Mt Whitney Climb

What do you say when a friend calls and asks if you want to climb Mt Whitney with her? You say yes. You don’t think about how high it is, how long the trail is, the dangerous weather or snow conditions. You just say yes. Absolutely, yes.

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It was 2013 and I was working on climbing 30 mountains before I turned 30 years old. My BFF in California scored some permits for September and thought that I might want to add the highest mountain in the lower-48 to my list. I hadn’t really considered it before, but of course I was in. I booked a flight to LA and then did a little research. I found that the Mt Whitney Trail is not technical (when there is no snow present) but climbs 11 miles and 6000ft from the trailhead at Whitney Portal to an altitude of 14,500 feet and we were doing this all in one day. Yikes!

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I really didn’t know if I would be able to do it, but I was going to try. I was also nervous about the altitude since I hadn’t climbed higher than about 12,000 feet and that was when I was acclimatized. But I just decided to take it one step at a time and evaluate how I was feeling. If I didn’t make it to the top, I didn’t make it to the top, no big deal. It would still be an amazing trip.

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So I hopped on a plane and stuck my head to the window looking at the Sierra below and wondering what it would be like at the top of Whitney. Then we packed in the car and headed north to Lone Pine. The one horse town sits on a plateau at the base of the Sierra Nevada mountains near the Alabama Hills. It’s picturesque location is famous for the many western movies shot there. I remember our dinner that night like it was yesterday. We sat outside and looked up at the mountains. I had butterflies in my stomach and a big smile on my face. I couldn’t wait to climb the mountain the next day.

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We awoke in the dark and checked and rechecked our packs then headed up to Whitney Portal around 4am. In single file we trudged up the trail. For a few hours all I could see was the gravel of endless switchbacks and my boots lit up by my headlamp. Eventually the trail flattened a bit and we got to a stream. I looked up at the sky and saw nothing but stars. I will never forget the moment I switched off my headlamp, looked up at the endless stars, the water gently trickling nearby.

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Then we began to climb more. We were at about 11,000 feet when we stopped for a break and a snack. I was not feeling great and was starting to worry about the altitude. I was hoping it was just nerves. I forced down a sammy jammy and lots of water and continued on. Not long after that we began to see the sun rising. We reached a basin with a lake (where many people camp) just as the ramparts of Whitney and others around lit up in alpenglow. I couldn’t believe my eyes, it seemed like some kind of magic. We stood, huddled together for warmth as we watched in awe as the sunlight painted the mountains orange.

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Now finally being able to use my preferred sense of sight, I got a boost of energy. We could now see the clear switchbacks that tracked up seemingly unclimbable jagged peaks. This is when the altitude really kicked in. My head began to thump and it felt like it was blowing up like a balloon, it was also much harder to catch my breath. We slowed down dramatically here. Take a few steps, stop. Take a few steps, stop. I was so thankful for the switchbacks with their gentle grade. We passed some young men working on the trail with tools. I knew they carried those tools up there and I couldn’t even begin to fathom it.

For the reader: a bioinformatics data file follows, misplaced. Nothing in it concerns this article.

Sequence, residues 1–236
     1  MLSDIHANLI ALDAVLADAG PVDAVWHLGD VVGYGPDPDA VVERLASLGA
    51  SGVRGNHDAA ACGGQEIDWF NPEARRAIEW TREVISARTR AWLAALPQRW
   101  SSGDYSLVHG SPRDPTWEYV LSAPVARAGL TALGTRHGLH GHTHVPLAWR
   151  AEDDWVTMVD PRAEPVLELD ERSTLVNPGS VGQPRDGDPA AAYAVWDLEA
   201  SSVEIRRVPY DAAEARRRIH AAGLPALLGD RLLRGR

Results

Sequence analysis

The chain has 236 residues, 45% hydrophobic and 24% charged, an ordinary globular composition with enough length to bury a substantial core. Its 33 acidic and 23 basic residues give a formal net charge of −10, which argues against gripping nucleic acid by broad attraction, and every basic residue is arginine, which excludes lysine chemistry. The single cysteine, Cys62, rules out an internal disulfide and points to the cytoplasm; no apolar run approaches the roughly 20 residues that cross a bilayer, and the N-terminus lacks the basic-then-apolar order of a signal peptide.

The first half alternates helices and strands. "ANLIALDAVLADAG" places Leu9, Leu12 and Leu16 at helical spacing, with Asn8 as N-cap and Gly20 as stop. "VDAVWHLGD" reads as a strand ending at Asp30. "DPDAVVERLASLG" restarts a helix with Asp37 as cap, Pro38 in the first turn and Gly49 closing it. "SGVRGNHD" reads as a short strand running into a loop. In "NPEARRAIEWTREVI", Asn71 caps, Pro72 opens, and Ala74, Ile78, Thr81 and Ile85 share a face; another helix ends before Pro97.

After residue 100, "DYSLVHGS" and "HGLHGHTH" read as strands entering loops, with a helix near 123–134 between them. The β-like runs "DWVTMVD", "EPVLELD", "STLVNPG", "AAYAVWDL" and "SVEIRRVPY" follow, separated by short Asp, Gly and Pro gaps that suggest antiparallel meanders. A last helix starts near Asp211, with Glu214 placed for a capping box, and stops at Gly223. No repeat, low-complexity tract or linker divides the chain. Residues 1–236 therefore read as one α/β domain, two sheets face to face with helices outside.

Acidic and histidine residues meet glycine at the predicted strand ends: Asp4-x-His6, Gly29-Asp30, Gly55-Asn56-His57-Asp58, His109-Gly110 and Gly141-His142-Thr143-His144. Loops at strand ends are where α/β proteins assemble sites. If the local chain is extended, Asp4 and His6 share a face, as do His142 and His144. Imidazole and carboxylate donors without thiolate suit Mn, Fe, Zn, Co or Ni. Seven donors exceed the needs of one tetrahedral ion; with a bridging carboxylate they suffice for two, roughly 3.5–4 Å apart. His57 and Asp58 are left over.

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At the top of the switchback section, the trail begins a long traverse across a row of pinnacles and then gradually climbs once more to the broad summit. Along the traverse, the trail fell away thousands of feet between the tall pinnacles. It is not particularly dangerous if you stay on the trail, but I definitely scooted across them being sure to not look down. Once back on solid ground, it’s not far to he summit. Many people were coming down and encouraging us, announcing “you’re almost there!” I got another boost of energy, so excited to see the ugly shelter and to actually make it to the top!

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We signed the register, took many pictures, woofed down some snickers bars and took a nice long nap in the sun. We chatted with others from all over the world and snapped group photos for them. I could not believe that we were at the top of the highest point in the lower 48! And better yet, I got there with my friends.

5 Replies to “Mt Whitney Climb”

  1. I love this inspirational post–thank you!

    1. Thanks for reading! 🙂

  2. Love this post!! Stunning photos, what a grand adventure! I have altitude issues (I know that headache well) about 13,000 feet elevation and above. First time when I climbed a 14,000+ peak in Colorado as a teenager, and again when I was in the Himalayas many years later. It never went away even after 3 days at base camp of 13,100 feet and day hikes well over 14,000. However, you made it (I made it), and you have that wonderful sense of accomplishment and awe you’ll carry for the rest of your life. Brava! (I think Bravo is for men?).

    1. You have been everywhere, Jill! I love hearing about your adventures! 🙂

  3. Wow! So cool! Great information. Hoping to climb Mt. Whitney this year in September!

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